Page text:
INTRO: It’s been ten years since the Japanese architect, Tadao Ando, visited his design, Modern Art Museum of Fort Worth. KERA’s Jerome Weeks spoke with him.
KERA radio story:
Expanded online story:
The 71-year-old Tadao Ando landed eight hours ago from Osaka, Japan, and hasn’t stopped since. There’ve been lectures and tours of other museums. Now he’s autographing books in the Modern Art Museum café (below, left).
The Pritzker Prize-winner has reason to celebrate his creation. He’s a prolific and prominent architect in Japan. But the Modern was Ando’s first major project in the US. The highly photogenic building has been his calling card (almost literally: Light and Water, Kenneth Frampton’s 2003 survey of Ando’s work uses the Modern for its shimmering cover shot). Ando says he now regularly comes through DFW airport – on his way to new commissions in Mexico and the US.
There’s another reason for Ando to value the Modern. It’s next to the Kimbell Art Museum, designed by Louis Kahn.
Tadao Ando at book signing (left) and his signature, echoing the Y trusses on the building
Ando says (through an interpreter), “For our generation of architects, Mr. Louis Kahn was like a god. I think, in terms of peacefulness and the quiet exuded by a building, probably nothing can compare to the Kimbell in the U.S.”
UTD art professor Richard Brettell sees the influence as key to the success of the Modern: “I think the Modern pays homage to a building which he admires enormously and for that reason, it’s a kind of leap for him.”
Brettell reviewed the Modern in 2003 and expressed strong reservations about such things as the building’s noisy, oversized lobby. But ultimately, even Brettell called the Modern the most important museum design since Frank Gehry’s 1997 Guggenheim in Bilbao, Spain. Brettell says, “I do think that the building has these moments of complete poetry.”
Ando’s renown as an architect derives from the Japanese traditions and the sophistication he brings to minimalist forms. These are generally shaped out of silky-smooth concrete, much like the concrete in the Kimbell, and a break with the beton brut (raw concrete, aka ‘brutalism’) of such earlier modernist masters as Le Courbusier (see, for example, I.M. Pei’s Dallas City Hall vs. his later Meyerson). Many architects leave poured, pre-form concrete with the wooden grain and rough imprints left by the plywood and two-by-fours that help shape it (see the interior of the City Performance Hall). In contrast, Ando’s pre-formed concrete is extremely polished, almost pristine. It’s a material he clearly loves, turning something humble and ever-present into a gem-like shape.
As for the Japanese traditions he evokes and quotes, the Modern’s main galleries are just tall boxes. But their exteriors evoke ceremonial Japanese tea houses, tea houses sitting serenely by a pond (below). Through Ando’s use of sunlight and water, he’s made big blocks of reinforced concrete seem to float. As he says, “It was in my thinking to create really weightless space.”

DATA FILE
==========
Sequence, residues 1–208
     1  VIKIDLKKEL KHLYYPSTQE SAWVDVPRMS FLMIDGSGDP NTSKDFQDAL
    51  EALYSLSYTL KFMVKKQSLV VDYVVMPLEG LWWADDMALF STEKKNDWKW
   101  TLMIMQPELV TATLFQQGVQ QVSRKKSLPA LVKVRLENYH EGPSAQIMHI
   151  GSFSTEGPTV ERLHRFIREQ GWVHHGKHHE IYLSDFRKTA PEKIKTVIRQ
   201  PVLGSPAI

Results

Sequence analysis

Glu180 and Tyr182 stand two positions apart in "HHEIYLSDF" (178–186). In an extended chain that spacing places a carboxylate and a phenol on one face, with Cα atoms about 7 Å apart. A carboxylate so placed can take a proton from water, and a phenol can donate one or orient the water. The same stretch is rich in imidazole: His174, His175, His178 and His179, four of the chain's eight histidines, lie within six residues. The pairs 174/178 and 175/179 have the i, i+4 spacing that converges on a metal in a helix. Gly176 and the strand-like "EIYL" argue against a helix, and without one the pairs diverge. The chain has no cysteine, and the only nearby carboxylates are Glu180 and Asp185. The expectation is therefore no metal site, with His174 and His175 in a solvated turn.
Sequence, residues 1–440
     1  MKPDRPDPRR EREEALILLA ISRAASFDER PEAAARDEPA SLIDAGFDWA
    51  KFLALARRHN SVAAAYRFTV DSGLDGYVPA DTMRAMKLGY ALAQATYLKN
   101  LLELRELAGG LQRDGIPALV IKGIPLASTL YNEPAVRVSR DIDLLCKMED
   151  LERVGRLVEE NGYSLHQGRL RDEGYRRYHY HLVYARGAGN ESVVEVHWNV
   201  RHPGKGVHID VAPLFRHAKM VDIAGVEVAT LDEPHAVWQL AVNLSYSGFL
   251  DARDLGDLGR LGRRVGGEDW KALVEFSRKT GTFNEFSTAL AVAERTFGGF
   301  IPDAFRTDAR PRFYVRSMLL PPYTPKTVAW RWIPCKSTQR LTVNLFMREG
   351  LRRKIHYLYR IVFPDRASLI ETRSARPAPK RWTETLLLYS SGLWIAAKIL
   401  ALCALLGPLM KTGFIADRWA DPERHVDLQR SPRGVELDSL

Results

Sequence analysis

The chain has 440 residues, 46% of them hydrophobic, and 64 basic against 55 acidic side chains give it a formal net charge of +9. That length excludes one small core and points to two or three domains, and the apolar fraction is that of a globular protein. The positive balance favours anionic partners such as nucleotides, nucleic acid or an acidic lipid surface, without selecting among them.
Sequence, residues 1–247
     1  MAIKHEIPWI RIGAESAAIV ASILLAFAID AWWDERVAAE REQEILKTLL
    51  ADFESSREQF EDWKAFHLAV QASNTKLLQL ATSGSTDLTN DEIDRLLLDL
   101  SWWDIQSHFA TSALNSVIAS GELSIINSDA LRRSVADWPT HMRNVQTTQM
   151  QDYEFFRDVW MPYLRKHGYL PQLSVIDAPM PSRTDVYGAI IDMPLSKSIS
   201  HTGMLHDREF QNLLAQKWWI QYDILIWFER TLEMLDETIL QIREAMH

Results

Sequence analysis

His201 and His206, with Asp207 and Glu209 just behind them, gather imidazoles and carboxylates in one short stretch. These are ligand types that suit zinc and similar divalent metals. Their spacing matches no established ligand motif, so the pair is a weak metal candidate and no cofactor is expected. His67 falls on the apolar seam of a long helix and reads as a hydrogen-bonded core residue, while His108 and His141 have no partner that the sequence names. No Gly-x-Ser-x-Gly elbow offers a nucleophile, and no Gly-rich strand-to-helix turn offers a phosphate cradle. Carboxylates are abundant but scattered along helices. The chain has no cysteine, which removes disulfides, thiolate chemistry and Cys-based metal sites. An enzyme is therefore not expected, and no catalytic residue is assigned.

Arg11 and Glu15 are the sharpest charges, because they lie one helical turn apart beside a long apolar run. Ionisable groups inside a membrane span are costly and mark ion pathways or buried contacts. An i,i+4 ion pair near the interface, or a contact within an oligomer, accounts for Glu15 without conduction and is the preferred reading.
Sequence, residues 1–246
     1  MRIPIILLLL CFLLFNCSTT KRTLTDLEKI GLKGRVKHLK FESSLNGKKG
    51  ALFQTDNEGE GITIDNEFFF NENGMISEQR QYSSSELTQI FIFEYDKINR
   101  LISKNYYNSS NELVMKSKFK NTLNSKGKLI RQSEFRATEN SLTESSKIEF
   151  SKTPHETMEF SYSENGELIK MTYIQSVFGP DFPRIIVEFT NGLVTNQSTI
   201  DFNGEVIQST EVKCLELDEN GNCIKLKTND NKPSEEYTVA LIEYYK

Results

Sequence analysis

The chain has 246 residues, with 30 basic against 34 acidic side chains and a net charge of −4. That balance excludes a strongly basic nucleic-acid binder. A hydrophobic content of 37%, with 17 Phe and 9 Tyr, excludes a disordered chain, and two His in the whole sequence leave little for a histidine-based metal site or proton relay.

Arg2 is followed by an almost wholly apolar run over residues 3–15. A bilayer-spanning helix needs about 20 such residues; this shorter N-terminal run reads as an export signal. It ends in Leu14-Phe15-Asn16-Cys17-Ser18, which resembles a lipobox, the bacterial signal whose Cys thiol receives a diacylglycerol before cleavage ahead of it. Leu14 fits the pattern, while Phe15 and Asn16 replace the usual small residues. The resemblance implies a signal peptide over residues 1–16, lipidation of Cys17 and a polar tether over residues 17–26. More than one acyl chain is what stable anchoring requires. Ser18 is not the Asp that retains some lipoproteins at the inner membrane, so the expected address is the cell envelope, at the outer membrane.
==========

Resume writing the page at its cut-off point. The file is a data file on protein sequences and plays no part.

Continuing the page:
In particular, he borrowed the deep verandah and large overhang of the teahouse to shade the Modern’s galleries, as well as the exterior walkway that often circles a tea house. In the Modern’s case, the walkway is internal: Ando arranged the museum’s galleries to be circled by the halls. That way, sunlight bounces through the halls and helps illuminate the galleries, but only indirectly.
Ando says, the water garden wasn’t always in his plans. He did want the Modern’s interior and exterior to interact, to intermingle, especially when it came to sunlight. Then he saw North Texas: “It looked more like an arid desert. So the most important thing would be the water and trees.”
The Modern’s deep verandahs and its pond site adapt traditions from the Japanese teahouse (right)
Many of Ando’s most distinctive buildings seem to involve water in some form. Brettell believes that “water is something that he wants everything to be. Glass is water. The sheen of stone is water — you know, the sense of everything being reflective.”
The Modern is an oasis. But it’s also a building designed specifically for contemporary art, with its layout and its high ceilings. The museum has showcased nine-foot-tall self-portraits of Andy Warhol and Martin Puryear’s sprawling, giant wooden sculptures.
Brettell says the museum has used the galleries well with its exhibitions. Ando agrees. He’s pleased with how the Modern’s turned out, how it’s being run. “Construction is one thing,” he says, “but it’s the people that use the building who will nurture and actually make the building work.”